I am hopeful that in time to come, all these state-of-the-art digital technologies on mobile phones can actually be used as a tool for teleconsultation, where you’re sitting in one part of the country but mental health services are only available in-person, and in another part of the country. Despite sitting 300 km away, you can interact with the advisor as if you are sitting with them in person using AR and or VR technology. Those will come in time; but for now, we are working very closely with the NIMH to find new ways to enhance the existing service using technology.
As a corporate leader, what are your go-to strategies for managing your mental health and that of your team?
I firmly believe in holistic development in an individual, and I take care of my holistic mental health development. I believe that to be completely fit you need to take care of physical, mental, emotional and spiritual health. I think these four things need to go hand in hand to achieve total wellbeing.
I believe that a healthy body is important for a healthy mind, so I invest about an hour everyday on exercise to keep myself physically fit. I also maintain a very strong social circle of family and friends. This means that instead of letting emotions build up, we can meet, talk and share what we are going through, and always try to be present and enjoy life together.
Another practice that I think is important to overall health is to maintain at least one hobby. This allows you to express yourself, and keep yourself engaged. For me it’s cycling, and this is something that helps me to de-stress.
Lastly, spiritual health is also important. Whether it’s the belief in a god or any other higher power, you need to have faith that things will work out over time, and that, at least for me, has always been a source of personal strength, especially in difficult times.
As a leader, we do a lot in our organisation because we understand that the lack of a good work-life balance is becoming the biggest reason for people to become stressed and burned out. We try to manage a good work-life balance for our employees by giving them flexible working hours and providing them with work-from-home opportunities, so they can manage their personal commitments better.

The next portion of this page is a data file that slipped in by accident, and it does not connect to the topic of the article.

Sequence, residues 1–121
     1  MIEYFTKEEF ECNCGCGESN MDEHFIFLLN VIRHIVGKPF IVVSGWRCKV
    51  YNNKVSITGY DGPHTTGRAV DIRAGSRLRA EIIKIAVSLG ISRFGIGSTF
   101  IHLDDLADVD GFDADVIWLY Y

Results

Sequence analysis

Secondly, we provide multiple platforms for people to express their feelings, whether in groups or in person, so that they are always heard. Accordingly, we have created platforms to engage with each other and to also have fun. Typically, we do engaging activities every week such as musical events and fun activities, to de-stress and loosen up a little and create a bond with our co-workers.
When the need arises, we ensure that we are with our people in times of crisis. During Covid-19, for example, there were lots of challenges in terms of finding hospital beds and oxygen cylinders. As an organisation, Airtel teamed up with a few hospitals in Colombo and we reserved a few slots there so that in case any of our employees or their families needed immediate attention they could be catered to and this was extremely important in giving our team peace of mind during a very difficult time.
Similarly, with the economic crisis everyone is worried about making ends meet, so we’ve taken multiple steps to ease that pressure. We can’t completely solve the challenge but we’ve attempted to provide additional financial support so that we get through these challenges together.
We are with our people, keeping a close eye on developments and on what’s happening around us so that we can be of help from time to time. We remain in touch with our employees all the time and we provide them with whatever support that we can. That’s something we do as leaders.